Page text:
Brexit uncertainty caused UK registrations to decline in H1 2017, as Europe’s other large markets continued to grow
- European car registrations experienced the highest H1 total since 2007, with a total of 8.4 million registrations, meaning Europe was a region helping to drive growth in terms of automotive sales
- Registrations totalled 1.5 million units in June 2017, an increase of 1.9% when compared to the same month last year, and the highest June total for a decade
- The Volkswagen Golf, Europe’s most popular car model, saw its volume drop by 11.6% for H1 2017
The European car industry continued to grow in June 2017, with new registrations for the month totalling 1.5 million – an increase of 1.9% when compared to the same month last year. In terms of volume this represents the highest total for June in the last decade, and is only 22,000 units behind the record total which occurred in June 2007. This performance concluded the strongest H1 since 2007, with a total of 8.4 million registrations for the half year, an increase of 4.3% on H1 2016. However, growth in the region is slowing following the exceptional performance of recent years; in comparison, 2016 saw growth of 9.1% on the previous year.
Four of Europe’s five largest markets – Germany, France, Italy and Spain – led this growth, with their collective H1 registrations up by 4.7% to 4.7 million units. This can largely be attributed to the healthy economic performance of Germany, and Italy’s increased stability and economic recovery. The European region is helping to drive growth in terms of automotive registrations, in comparison, the USA experienced a fall in car sales of 2.1% over the same period, whilst China saw registrations grow by a modest 2.6%.
Despite the strong performance across Europe, the UK was one of only five markets that posted a decline in registrations for H1 2017. The UK posted a fall in registrations of 1.3% compared to H1 2016. This decline comes after five consecutive periods of H1 growth for the UK – registrations jumped from 1.0 million units in H1 2011 to 1.4 in H1 2016. The negative performance demonstrates that Brexit has begun to impact the automotive market, with consumers delaying purchase amidst economic uncertainty.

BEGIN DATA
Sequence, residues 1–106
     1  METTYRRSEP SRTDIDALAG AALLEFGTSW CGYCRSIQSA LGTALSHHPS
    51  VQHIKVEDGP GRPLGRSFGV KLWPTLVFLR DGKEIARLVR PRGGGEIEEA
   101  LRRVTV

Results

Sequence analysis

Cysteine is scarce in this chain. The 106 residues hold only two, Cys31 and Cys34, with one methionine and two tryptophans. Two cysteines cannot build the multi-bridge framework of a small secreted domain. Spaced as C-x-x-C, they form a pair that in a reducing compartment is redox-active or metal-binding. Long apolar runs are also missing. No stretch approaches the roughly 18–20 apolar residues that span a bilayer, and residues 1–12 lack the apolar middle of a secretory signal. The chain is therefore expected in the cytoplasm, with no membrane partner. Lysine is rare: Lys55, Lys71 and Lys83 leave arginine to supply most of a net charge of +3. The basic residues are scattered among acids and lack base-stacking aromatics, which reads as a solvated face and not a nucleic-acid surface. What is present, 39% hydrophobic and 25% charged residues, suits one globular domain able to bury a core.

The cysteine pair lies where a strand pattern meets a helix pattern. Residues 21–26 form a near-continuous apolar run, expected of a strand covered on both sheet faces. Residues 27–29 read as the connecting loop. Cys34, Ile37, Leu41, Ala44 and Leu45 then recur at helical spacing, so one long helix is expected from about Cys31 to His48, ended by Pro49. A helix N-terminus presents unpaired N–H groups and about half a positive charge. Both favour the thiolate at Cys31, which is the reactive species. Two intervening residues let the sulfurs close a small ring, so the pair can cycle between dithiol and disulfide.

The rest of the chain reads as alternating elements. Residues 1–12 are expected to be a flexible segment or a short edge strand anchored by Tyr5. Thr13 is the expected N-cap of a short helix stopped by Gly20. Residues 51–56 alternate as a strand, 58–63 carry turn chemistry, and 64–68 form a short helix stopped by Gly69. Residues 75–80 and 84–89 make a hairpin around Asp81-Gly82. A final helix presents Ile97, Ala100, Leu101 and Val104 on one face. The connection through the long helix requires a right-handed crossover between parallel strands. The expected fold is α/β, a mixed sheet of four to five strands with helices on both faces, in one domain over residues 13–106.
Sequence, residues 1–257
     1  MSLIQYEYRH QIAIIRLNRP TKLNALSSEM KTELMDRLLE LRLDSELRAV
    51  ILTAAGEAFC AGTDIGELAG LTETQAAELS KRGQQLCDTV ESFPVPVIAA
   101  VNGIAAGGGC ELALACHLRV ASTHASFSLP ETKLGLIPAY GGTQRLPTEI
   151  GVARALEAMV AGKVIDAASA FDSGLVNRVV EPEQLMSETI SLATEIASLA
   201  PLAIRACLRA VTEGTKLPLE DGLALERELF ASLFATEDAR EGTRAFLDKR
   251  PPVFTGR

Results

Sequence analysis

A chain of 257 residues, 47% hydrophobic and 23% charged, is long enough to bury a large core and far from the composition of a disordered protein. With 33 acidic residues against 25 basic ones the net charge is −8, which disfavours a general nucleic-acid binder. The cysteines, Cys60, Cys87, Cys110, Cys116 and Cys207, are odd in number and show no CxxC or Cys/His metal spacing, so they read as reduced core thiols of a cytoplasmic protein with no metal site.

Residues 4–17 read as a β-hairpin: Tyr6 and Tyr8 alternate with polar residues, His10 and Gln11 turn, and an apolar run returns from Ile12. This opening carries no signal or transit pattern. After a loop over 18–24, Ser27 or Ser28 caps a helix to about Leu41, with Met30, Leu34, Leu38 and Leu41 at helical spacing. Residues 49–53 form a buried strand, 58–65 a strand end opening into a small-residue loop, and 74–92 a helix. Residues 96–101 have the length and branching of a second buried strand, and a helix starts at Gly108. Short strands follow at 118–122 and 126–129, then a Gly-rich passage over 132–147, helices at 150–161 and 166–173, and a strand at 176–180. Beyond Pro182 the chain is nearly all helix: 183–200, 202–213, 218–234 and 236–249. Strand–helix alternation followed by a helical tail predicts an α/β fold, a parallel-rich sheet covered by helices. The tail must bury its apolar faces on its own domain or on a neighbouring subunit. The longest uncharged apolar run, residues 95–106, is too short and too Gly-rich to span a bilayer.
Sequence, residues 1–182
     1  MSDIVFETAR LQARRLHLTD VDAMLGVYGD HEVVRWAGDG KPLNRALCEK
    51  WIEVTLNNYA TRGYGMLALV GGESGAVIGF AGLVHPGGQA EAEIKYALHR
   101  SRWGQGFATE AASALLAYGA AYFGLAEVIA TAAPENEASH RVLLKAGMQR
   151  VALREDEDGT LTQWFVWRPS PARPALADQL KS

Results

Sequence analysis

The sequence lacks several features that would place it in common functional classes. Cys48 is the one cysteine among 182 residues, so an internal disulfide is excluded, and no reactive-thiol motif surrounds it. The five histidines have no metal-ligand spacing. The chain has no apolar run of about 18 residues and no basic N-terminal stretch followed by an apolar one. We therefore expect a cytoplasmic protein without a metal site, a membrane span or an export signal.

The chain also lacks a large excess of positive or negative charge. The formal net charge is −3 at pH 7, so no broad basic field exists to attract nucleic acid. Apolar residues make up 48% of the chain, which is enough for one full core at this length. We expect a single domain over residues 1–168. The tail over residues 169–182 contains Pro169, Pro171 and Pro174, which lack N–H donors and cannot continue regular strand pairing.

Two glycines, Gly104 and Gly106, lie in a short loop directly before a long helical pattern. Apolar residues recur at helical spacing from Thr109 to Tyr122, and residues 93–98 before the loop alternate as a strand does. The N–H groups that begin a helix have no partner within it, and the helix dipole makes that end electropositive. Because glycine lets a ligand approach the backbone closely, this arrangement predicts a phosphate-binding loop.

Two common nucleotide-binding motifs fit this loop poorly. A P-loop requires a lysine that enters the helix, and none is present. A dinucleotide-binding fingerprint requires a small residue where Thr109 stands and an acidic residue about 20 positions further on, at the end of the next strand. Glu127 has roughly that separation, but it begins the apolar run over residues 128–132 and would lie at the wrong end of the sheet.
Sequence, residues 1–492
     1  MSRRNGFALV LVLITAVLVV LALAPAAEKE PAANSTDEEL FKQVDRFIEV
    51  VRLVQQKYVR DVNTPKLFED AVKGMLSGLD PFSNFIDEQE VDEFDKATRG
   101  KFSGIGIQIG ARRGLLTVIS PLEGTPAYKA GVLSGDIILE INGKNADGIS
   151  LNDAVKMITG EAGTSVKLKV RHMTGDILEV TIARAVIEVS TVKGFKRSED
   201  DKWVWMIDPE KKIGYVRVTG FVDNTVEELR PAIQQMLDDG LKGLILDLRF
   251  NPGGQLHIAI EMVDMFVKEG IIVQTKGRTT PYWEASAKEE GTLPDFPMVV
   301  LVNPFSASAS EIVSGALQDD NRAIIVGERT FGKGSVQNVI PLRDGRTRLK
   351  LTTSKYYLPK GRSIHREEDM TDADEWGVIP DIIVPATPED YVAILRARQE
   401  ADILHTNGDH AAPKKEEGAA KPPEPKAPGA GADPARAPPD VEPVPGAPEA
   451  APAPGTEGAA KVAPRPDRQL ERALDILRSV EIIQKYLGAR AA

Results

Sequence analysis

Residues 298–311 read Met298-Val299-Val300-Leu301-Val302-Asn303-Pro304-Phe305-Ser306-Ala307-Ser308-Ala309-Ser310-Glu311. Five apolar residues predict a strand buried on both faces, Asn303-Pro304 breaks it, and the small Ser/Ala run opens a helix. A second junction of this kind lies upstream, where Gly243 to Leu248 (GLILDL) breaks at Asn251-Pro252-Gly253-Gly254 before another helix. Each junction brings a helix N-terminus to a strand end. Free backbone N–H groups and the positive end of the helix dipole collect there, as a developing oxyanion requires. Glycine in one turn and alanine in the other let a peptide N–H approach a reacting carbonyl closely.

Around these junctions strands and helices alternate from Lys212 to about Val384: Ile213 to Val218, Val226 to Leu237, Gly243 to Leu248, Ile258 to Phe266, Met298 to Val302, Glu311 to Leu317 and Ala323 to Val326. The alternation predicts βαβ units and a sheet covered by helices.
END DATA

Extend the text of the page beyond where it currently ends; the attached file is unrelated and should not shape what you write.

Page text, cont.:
“Overall, the market is looking healthy in Europe, with the strongest H1 performance since 2007. In particular, the Central and Eastern European markets have grown strongly this year and with some of them recording record levels of employment this trend looks set to continue. However, it’s notable that the UK is experiencing a slowdown in registrations which can be attributed to uncertainty about the nature of the country’s exit from the EU. Until there is clarity over how Brexit will work and what the UK’s relationship with the EU will look like, the UK market may continue to decline, whilst the rest of Europe continues to grow.” commented Felipe Munoz, Global Automotive Analyst at JATO Dynamics.
VW Group’s market share decreased – it fell from 23.7% in H1 2016 to 23.3% in H1 2017. This was the second highest fall in market share, only PSA experienced a larger decline with its market share declining by 0.6 percentage points of share. The market continued to be driven by SUVs such as the VW Tiguan and Peugeot 3008. In the compact segment, the VW Golf leads, but its volume for H1 2017 fell by 11.6%, whilst the Renault Megane experienced growth of 32.7%.
- April Registrations buoyed by Renault and Mercedes SUVs, new Opel/Vauxhall Astra and Audi A4
- European car market registers best H1 performance of the century, as SUVs continue to drive growth
- Volkswagen Golf loses its position as Europe’s best-selling car, as European car registrations increase by 10.8% in March 2017
- Demand for Battery Electric Vehicles doubles in July, as growth returns to the European car market
- CO2 emissions rise to highest average since 2014, as the shift from diesel to gasoline continues